Michael Rosen is one of the most popular children’s authors today. His bestselling titles include Little Rabbit Foo Foo, This Is Our House, Tiny Little Fly, and Dear Mother Goose. He has received the Eleanor Farjeon Award, and is a former Children’s Laureate. Michael lives in London. Visit his website at www.michaelrosen.co.uk, or follow him @MichaelRosenYes Helen Oxenbury is among the most critically acclaimed illustrators of our time. Her numerous books for children include Smarties Book Prize-winning Farmer Duck, Kate Greenaway Medal-winning Alice in Wonderland and her classic board books for babies. She lives in London, NW3.

    Content Instructions
    Unfold all the fun of the bear hunt in this delightful pocket-sized pop-up of the award-winning picture book classic. We’re going on a bear hunt. We’re going to catch a big one. Will you come too? For a quarter of a century, readers have been swishy-swashying and splash-sploshing through this award-winning favourite. Follow and join in the family’s excitement as they wade through the grass, splash through the river and squelch through the mud in search of a bear. What a surprise awaits them in the cave on the other side of the dark forest!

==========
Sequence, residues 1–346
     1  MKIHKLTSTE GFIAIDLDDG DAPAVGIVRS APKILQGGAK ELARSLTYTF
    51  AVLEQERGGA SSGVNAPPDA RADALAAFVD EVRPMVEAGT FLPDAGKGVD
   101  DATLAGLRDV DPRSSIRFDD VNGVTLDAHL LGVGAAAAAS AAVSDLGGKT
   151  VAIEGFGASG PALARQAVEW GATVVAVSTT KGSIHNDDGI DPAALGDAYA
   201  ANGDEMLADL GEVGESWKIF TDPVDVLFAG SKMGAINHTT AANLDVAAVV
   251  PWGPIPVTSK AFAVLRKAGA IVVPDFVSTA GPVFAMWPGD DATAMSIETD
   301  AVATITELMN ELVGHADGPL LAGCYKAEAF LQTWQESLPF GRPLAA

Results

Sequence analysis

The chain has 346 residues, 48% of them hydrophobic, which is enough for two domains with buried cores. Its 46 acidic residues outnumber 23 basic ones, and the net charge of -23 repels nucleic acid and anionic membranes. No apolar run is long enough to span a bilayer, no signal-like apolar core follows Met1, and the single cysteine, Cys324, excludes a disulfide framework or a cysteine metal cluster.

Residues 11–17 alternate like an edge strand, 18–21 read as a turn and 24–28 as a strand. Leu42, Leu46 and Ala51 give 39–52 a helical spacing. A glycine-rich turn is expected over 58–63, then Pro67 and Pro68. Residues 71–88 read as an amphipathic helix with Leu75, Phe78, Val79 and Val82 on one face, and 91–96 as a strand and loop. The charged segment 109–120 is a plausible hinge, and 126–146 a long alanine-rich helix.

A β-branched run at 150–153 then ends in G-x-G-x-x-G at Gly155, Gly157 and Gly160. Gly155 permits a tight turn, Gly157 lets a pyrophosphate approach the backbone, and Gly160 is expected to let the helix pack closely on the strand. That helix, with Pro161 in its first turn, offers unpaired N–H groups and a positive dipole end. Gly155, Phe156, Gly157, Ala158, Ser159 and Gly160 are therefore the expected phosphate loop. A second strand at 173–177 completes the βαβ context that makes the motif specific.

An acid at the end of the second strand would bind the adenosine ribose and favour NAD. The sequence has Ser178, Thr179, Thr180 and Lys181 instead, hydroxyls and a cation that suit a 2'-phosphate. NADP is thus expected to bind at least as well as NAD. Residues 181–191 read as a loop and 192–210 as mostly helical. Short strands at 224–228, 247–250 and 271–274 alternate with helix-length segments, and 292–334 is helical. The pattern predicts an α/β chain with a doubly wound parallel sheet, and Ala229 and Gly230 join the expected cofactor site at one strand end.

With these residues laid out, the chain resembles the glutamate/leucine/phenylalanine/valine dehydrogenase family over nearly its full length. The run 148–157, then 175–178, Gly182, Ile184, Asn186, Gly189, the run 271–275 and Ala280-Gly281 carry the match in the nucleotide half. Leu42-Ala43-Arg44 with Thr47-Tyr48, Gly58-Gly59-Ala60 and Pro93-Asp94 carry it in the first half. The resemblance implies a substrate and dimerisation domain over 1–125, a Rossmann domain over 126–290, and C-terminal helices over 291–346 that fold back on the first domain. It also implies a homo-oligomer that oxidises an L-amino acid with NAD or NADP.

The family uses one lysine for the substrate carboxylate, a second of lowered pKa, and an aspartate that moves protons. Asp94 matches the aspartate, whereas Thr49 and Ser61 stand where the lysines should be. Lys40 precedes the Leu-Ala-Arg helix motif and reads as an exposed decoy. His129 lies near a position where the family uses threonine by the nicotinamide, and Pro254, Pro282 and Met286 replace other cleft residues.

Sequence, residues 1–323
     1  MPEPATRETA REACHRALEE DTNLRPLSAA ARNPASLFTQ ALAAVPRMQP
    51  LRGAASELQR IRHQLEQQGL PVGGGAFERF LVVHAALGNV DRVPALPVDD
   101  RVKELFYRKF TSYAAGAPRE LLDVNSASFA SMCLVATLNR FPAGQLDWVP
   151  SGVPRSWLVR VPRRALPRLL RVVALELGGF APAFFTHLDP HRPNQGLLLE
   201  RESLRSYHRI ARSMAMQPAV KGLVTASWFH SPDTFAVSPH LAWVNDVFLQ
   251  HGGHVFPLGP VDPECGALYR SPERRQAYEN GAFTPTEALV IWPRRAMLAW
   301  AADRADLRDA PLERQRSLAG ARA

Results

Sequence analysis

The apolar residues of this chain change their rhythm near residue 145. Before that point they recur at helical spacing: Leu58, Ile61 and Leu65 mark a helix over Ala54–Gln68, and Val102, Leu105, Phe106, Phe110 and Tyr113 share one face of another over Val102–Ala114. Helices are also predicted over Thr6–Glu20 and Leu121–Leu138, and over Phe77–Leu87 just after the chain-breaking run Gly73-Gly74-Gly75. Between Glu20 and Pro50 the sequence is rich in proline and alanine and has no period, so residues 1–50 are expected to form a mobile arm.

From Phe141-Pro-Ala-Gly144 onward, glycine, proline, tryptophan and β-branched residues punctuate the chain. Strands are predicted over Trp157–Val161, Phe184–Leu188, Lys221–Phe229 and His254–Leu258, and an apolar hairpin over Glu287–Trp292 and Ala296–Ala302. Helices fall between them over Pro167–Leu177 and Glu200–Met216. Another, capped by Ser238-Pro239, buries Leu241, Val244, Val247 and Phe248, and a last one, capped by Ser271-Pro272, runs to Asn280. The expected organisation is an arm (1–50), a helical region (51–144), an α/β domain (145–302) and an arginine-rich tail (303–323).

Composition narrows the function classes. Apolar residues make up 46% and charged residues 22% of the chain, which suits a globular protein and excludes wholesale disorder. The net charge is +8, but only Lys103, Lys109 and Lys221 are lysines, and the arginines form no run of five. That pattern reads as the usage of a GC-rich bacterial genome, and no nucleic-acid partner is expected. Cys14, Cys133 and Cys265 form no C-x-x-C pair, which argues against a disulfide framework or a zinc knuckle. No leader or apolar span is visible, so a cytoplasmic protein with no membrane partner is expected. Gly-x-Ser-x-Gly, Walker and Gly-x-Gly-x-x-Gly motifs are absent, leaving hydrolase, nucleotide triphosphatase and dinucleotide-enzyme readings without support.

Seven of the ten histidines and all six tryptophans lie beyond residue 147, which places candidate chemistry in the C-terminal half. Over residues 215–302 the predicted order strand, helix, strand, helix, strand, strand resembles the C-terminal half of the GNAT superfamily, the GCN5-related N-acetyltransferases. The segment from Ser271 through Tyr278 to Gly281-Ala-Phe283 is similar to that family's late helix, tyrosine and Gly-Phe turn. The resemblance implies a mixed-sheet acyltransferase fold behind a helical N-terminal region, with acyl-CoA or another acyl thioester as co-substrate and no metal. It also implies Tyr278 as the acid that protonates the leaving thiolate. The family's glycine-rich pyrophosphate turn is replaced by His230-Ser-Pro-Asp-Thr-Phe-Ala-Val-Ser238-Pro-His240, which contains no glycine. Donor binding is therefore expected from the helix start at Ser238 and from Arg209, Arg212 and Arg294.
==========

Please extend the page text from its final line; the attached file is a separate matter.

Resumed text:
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    Content Introduction

    Created by Fritz Eichenberg, the Classic Alphabet Book Ape in a Cape: an Alphabet of Odd Animals, Which Has Been Published for More than Five Years, Takes Animals as the Representative of Letters, and Has Chimes and Pigeons Familiar to Children, fox, Goat, Cat, Pig, Mouse and Toad. The Author Gives Full Play to His Creativity and Designs an Action Or Event Imitating Human Beings for Each Animal. The Personification Method Is Full of Humor and Joy.

    This Book Is Represented by Animals as Letters. The Author Designs an Action Or Event Imitating Human Beings for Each Animal, Such as Dove in Love, cat Gloves (Kitten With a Mitten), Wear a Wig of Pig Pig in a Wig) That Are Interwoven into a Picture Interesting Animals Rhapsody.

    Now Many Letter Books Always Let Children A- apple,B-banana,C-cat,D-dog…… Recite It Repeatedly. “If You Only Learn the Single Pronunciation of Each Letter and Only Know the Meaning of a Single Word, the Way to Learn English for Beginners Will Be Narrower,” Liao Color Apricot Pointed out. In Contrast, a Good Letter Book, it Can Help Children to Free Themselves from the Shackles of Single Letters, Pronunciation and Vocabulary, and Open a Wider Door for Children to Learn English.